Yes, I had writer's block, and it was horrible.
For the last six months, I have been working on a paper about the influence of society on diplomacy, focusing on diasporas, to present at an international convention. However, I was not able to write coherently and thoughtfully. I had writer's block. Now I realize how fortunate I have been, as this was the first time ever that I could not put my ideas into paper or, nowadays, the screen.
Since my university years, I have always been able to compose some decent prose, from my three theses all the way to my recently published practitioners' essay about public-consular diplomacy in the Journal of Public Diplomacy. I always have so many ideas, which is one of the reasons that I decided to start this blog. Time has been my only limitation in writing before I hit the wall.
My previous understanding of writer's block was that the person did not have ideas to write. Now, it is the opposite. When you have too many ideas and options to frame your thoughts, you cannot write, period.
Having writer's block is an unpleasant experience, and now I understand all my Ph.D. friends and scholars that struggle to finish their dissertations and essays. Framing a gazillion thoughts in a certain way is the most challenging task of the writing process, so your argument and evidence can stand the multiple tests they need to pass before you can present them publicly.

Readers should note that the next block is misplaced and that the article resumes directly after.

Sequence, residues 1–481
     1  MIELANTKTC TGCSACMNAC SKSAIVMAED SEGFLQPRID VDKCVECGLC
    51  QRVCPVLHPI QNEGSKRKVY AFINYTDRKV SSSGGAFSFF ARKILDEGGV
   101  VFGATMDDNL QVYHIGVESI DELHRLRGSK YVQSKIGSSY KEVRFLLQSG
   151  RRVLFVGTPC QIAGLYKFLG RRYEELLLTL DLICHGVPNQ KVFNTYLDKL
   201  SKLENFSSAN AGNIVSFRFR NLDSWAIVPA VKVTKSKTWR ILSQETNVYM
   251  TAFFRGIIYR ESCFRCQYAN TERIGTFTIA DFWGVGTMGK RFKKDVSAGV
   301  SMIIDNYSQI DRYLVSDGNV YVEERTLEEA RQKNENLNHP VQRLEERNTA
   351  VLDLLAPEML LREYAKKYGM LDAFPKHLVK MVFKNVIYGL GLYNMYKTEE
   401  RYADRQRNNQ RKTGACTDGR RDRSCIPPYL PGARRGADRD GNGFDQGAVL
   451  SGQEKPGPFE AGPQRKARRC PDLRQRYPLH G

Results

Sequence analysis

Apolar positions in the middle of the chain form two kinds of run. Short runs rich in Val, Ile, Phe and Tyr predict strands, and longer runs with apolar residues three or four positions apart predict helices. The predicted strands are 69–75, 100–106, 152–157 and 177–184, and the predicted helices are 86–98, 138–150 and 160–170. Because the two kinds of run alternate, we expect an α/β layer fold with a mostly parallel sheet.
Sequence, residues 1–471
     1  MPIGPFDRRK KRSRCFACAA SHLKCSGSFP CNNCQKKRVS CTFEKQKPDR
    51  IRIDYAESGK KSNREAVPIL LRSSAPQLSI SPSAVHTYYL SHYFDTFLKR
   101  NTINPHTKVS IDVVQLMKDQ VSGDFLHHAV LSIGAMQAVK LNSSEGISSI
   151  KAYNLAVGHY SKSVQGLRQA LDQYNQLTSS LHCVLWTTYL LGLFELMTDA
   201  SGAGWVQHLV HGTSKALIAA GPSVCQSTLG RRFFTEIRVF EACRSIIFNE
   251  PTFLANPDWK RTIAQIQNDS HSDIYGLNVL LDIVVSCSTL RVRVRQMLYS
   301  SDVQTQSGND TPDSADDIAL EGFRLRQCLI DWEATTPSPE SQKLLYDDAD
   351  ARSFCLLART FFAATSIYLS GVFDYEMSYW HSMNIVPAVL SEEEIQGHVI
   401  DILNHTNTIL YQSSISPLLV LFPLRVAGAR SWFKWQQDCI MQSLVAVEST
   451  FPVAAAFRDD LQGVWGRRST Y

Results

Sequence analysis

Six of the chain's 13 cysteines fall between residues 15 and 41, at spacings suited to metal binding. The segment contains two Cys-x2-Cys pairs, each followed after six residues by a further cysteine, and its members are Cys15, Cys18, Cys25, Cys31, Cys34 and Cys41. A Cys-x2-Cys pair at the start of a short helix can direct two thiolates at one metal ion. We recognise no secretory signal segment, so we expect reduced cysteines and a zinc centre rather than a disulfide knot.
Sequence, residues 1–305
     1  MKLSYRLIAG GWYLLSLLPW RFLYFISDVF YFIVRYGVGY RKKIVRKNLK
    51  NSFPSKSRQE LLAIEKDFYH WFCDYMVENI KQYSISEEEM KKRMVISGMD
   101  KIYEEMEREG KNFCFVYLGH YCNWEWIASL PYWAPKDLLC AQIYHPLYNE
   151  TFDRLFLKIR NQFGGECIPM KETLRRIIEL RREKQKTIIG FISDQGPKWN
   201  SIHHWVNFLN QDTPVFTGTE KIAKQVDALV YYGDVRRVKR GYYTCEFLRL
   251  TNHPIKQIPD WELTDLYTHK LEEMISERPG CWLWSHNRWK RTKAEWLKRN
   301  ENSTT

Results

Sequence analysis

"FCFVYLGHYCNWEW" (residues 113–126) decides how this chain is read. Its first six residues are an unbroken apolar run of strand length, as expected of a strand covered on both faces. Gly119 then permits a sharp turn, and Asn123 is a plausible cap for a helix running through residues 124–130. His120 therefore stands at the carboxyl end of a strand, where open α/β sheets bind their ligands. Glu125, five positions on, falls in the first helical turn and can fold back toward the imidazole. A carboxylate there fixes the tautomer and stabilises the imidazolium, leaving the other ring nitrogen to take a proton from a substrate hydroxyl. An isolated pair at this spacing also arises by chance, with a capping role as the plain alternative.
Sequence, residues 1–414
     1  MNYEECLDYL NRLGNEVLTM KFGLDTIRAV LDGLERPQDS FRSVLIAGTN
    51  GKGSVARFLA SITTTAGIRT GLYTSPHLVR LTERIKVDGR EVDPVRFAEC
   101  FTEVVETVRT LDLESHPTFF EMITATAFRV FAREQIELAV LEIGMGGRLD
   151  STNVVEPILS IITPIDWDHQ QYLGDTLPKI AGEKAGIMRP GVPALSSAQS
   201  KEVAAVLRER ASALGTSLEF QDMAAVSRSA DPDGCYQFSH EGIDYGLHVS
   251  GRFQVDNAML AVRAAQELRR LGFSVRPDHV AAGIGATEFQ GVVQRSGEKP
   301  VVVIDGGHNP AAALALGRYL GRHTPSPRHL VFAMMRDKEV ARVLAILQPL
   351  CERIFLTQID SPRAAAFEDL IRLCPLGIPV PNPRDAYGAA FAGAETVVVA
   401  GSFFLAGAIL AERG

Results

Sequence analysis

For me, the issue at heart is how to demonstrate that diasporas influence a country's diplomacy from a societal perspective. Luckily, I found an article that helped me overcome writer's block, so I was able to move forward with the working paper. I had to hurry to finish the first draft of the essay so I could present it at the convention!
After all the hoopla about ChatGPT and other Artificial Intelligence programs that (supposedly) will help humans better communicate ideas, process complex thoughts, and even do the work for us, it is time to reflect on what makes us human. For me, the ability to process information and put it in black and white (or orally presented) is one characteristic of humanity besides feeling emotions and, for some, having faith.
The disruption of social media was supposed to improve our livelihoods, but looking at the current state of the world, it is clear that I did not fulfill its promise. Technology in itself is not bad or good; people make it beneficial or detrimental. Let's hope we are more careful about its implementation this time so we don't lose part of what makes us human.
DISCLAIMER: All views expressed on this blog are that of the author and do not represent the opinions of any other authority, agency, organization, employer or company.
Rodrigo Márquez Lartigue
Diplomat interested in the development of Consular and Public Diplomacies.